On technology and the need to better engage with individual patients. Mike Kaplan, founder of Altos Health, spoke of working with a “company that developed software allowing physicians to reach out individually to patients. The patients were engaging in this conversation with the physician and we were able to catch things earlier—lack of return to functional status, pain issues, infections.”

On drug prices. Emanuel said government regulation was the only solution. Steve Miller, chief medical officer at Express Scripts, said it could come to that, but there are intermediate steps that could allow the market to work. “Americans will try everything before they’ll try the right thing,” he said. “I’m a big believer in market-based solutions to drug pricing. The science is spectacular; the question is, is America willing to pay these prices.”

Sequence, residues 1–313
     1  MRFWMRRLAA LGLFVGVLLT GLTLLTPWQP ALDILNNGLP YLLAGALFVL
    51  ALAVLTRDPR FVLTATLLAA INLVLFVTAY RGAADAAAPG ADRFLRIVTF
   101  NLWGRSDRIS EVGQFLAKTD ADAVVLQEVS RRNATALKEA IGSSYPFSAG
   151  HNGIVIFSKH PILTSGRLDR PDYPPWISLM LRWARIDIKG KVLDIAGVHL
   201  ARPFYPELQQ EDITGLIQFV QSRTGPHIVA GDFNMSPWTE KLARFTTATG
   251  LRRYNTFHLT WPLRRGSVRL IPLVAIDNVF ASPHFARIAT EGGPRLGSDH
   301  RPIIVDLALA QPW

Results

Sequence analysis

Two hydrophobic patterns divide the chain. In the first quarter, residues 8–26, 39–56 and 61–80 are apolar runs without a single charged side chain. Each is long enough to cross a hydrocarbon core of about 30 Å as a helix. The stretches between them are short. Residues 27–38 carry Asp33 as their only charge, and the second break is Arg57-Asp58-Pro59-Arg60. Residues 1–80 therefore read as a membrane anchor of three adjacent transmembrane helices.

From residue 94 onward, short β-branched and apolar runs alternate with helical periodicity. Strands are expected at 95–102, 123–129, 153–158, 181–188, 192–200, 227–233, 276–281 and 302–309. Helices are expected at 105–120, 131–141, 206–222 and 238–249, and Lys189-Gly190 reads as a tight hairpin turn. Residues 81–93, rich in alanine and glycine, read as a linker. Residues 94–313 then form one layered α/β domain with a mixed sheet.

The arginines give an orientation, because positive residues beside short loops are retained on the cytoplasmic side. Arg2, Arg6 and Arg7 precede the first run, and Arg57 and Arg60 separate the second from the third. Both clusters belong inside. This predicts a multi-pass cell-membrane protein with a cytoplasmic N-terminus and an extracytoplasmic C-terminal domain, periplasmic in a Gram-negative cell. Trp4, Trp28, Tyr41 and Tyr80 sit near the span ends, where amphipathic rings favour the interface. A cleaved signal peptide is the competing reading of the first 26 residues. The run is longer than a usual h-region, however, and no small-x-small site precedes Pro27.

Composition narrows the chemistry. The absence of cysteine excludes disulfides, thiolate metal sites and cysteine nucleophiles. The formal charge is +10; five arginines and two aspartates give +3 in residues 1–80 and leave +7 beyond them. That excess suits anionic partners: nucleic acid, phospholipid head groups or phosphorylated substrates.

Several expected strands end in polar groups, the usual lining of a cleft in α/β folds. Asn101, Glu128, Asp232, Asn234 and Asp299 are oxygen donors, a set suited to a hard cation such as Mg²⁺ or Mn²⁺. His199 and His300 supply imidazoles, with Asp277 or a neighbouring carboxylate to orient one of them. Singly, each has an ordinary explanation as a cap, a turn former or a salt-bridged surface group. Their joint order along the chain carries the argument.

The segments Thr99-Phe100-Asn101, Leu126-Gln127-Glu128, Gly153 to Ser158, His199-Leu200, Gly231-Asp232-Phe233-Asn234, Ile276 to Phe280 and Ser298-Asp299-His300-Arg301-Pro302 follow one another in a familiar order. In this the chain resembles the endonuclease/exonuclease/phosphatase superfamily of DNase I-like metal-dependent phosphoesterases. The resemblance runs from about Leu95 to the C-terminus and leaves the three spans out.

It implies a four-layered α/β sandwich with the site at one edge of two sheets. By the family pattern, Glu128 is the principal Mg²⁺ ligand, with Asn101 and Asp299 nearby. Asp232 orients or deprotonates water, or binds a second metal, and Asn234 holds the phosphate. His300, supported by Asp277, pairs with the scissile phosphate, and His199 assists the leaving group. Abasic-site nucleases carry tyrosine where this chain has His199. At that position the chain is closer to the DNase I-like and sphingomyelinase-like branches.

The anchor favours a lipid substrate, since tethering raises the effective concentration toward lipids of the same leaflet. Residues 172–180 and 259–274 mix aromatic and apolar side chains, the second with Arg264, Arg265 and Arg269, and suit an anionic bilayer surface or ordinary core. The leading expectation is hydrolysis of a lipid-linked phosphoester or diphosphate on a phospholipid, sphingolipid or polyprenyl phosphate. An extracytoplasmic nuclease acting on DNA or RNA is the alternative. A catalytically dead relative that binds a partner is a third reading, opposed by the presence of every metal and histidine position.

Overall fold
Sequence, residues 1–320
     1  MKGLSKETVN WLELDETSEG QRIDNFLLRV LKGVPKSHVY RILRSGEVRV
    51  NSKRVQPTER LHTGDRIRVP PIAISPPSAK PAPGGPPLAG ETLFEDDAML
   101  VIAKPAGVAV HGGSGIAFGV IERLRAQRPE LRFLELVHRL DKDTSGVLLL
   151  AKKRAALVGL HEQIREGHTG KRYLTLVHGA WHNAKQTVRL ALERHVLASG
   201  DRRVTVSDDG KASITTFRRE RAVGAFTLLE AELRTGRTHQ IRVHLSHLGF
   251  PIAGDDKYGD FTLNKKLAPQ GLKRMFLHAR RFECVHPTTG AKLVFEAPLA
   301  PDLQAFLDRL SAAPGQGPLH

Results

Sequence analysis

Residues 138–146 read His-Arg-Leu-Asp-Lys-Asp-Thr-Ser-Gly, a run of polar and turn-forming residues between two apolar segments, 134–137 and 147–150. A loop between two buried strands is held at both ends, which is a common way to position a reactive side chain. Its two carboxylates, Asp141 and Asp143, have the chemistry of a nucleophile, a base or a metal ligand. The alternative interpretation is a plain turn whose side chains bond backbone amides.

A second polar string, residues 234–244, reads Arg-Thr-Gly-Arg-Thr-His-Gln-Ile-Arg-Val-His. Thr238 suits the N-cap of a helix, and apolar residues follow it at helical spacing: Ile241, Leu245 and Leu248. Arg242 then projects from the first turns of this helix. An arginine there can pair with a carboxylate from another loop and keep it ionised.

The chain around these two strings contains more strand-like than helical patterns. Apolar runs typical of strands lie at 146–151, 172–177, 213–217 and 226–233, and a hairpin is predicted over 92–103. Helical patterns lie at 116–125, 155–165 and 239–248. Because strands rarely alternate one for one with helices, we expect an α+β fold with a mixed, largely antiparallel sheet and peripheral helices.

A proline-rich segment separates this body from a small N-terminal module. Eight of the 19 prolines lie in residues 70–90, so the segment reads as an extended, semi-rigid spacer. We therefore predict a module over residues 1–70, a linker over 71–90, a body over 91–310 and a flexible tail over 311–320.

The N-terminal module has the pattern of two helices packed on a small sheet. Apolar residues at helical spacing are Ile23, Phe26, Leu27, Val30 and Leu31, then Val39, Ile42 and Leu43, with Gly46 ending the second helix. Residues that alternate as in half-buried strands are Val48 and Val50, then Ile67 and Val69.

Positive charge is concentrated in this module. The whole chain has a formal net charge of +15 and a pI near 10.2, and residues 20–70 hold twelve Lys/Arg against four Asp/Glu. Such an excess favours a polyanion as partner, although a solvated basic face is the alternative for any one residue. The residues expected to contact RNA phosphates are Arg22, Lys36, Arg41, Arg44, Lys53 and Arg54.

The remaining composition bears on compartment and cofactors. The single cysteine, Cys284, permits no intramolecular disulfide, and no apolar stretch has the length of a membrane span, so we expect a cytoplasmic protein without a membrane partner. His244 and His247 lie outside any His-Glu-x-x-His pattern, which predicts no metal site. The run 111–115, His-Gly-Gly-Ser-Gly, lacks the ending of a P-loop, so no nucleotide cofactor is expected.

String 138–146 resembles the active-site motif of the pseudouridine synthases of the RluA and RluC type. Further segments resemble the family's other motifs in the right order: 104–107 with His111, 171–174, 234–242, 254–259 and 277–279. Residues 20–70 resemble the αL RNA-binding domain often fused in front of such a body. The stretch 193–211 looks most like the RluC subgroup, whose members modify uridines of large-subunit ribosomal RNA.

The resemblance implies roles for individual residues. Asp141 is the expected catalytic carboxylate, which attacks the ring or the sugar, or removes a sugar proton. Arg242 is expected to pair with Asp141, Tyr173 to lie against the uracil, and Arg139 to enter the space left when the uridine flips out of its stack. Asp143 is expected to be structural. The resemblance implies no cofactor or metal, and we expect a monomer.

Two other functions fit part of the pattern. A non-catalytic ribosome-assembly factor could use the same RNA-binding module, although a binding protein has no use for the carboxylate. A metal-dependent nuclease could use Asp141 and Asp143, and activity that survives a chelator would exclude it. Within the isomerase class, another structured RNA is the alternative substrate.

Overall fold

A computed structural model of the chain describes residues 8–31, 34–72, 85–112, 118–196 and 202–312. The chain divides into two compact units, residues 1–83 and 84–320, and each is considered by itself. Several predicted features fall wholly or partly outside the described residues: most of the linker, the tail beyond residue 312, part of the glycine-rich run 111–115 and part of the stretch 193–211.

WashU’s Michael Kinch was a bit more blunt: “The pharmaceutical industry is the most efficiently self-immolating industry I’ve ever seen,” said Kinch, associate vice chancellor and director of the Center for Research Innovation in Business at the Institute for Public Health.

On spending: “America doesn’t have a money problem, it has a waste problem,” Miller said. “Healthcare is a tax on every single product in the country. When it’s 18 percent of GDP, everything is being taxed…America wants personalized care at public health prices.”

On access to healthcare: “Only about 50 percent of Americans have a primary care physician with whom they work,” said Sandra Van Trease, group president, BJC HealthCare. “Many receive care via phone—so developing trust happens differently. Being consumer-centric in how we create access is key.”